If to rank facets of learning in order of importance to language development, the most important facet is Environment: Assimilation and Accommodation since it implies incorporating external factors into the personal development through the updates of the already existing mental frameworks. The environment in which a child is being brought up has been proven to directly affect the way he or she develops; this suggests that if a child encounters a negative environmental stimulus, the language development may be impaired. The second facet in the ranking is Organization and memory: Rehearsal and storage strategies because it implies the storing of information on a long-term basis and the association of new information with already existing knowledge. Without such an association, a child will be unable to store new information for a long period. The last facet is Schemes: Concept formation and mental mapping which is based on differentiating between experiences and putting them into categories as well as planning of activities. This facet is the last in importance because a child should adapt to the environment and learn how to remember information before formatting concepts or making mental maps.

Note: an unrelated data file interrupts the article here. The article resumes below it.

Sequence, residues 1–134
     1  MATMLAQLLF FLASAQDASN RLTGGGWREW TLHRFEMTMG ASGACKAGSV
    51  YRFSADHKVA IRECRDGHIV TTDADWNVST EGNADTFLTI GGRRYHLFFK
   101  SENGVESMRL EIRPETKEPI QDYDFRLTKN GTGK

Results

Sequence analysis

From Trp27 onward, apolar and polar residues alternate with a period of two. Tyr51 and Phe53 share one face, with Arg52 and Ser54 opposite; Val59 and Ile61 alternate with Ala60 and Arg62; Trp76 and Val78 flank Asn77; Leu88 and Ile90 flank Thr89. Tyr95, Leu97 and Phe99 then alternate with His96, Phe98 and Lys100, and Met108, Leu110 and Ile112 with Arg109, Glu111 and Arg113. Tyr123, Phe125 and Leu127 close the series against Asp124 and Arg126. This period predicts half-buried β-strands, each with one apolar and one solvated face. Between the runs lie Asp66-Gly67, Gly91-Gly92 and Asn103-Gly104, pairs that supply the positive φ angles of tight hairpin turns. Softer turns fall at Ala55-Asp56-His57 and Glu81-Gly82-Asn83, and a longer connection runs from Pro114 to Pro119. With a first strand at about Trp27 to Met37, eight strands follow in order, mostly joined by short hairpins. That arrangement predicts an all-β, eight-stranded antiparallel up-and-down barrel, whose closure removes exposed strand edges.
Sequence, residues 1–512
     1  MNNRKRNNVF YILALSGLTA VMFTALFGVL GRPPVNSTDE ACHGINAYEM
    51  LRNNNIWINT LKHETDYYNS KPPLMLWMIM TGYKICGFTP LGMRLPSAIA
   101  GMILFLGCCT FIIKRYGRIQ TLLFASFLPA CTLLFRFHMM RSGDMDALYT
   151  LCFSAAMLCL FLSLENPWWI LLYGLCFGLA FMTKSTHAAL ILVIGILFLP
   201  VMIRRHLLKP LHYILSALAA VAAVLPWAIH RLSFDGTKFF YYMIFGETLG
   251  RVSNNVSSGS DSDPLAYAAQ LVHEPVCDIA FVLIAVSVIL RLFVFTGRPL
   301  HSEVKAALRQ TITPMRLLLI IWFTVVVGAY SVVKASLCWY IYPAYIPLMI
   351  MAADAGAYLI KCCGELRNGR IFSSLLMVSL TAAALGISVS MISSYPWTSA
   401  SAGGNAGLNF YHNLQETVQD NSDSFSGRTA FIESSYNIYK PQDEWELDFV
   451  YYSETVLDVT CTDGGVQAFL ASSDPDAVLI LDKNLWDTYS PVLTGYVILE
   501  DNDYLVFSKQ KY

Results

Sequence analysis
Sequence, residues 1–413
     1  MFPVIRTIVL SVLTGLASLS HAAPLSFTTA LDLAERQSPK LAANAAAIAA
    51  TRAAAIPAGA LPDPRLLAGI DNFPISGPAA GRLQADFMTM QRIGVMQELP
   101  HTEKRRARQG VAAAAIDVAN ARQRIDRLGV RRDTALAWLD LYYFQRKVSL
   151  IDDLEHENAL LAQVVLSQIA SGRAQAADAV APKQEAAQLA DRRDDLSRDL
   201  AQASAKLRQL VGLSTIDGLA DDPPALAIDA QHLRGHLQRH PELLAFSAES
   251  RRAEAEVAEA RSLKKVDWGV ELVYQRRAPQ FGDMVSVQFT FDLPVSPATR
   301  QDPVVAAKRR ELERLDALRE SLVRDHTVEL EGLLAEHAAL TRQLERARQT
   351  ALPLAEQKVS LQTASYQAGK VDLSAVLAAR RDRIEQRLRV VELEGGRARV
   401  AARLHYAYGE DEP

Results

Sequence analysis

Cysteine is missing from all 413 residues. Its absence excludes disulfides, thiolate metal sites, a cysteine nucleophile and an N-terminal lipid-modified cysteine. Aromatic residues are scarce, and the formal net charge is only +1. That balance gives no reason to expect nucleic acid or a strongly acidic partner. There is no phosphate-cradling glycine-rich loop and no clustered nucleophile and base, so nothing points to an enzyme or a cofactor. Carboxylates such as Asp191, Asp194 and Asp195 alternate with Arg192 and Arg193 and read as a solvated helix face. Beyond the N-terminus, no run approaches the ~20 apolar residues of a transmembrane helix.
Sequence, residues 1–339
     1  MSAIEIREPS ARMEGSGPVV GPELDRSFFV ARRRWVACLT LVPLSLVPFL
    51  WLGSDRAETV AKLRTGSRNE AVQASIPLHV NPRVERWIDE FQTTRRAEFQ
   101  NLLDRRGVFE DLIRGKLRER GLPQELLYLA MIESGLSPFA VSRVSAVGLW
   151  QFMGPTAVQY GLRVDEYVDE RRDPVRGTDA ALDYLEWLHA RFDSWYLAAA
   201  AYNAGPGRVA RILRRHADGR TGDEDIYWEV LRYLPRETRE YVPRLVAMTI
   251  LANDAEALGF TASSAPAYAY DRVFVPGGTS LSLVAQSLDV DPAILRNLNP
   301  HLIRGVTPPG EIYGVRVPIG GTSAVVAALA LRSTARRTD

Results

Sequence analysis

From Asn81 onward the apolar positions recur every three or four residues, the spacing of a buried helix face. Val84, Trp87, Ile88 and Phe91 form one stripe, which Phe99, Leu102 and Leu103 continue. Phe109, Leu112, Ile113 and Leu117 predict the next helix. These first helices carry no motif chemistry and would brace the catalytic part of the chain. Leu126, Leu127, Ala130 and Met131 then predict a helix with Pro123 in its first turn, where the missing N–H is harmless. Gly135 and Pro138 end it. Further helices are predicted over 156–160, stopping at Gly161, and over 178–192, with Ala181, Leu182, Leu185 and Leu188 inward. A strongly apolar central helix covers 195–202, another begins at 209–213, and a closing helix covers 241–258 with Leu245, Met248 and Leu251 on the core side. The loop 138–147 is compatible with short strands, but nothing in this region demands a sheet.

Research Topic Selection: Dyslexia

Dyslexia is a learning disorder (or difference), which is neurological in origin and can occur in children with normal intelligence and vision. Its main characteristics relate to difficulties in reading that arise from the inability to identify sounds of speech and learn their connections to words or even letters. Difficulties in learning and reading are usually results of a phonological deficiency in the language’s phonological component, which is very often unexpected with regards to other cognitive abilities of a child (Australia Dyslexia Association, 2014).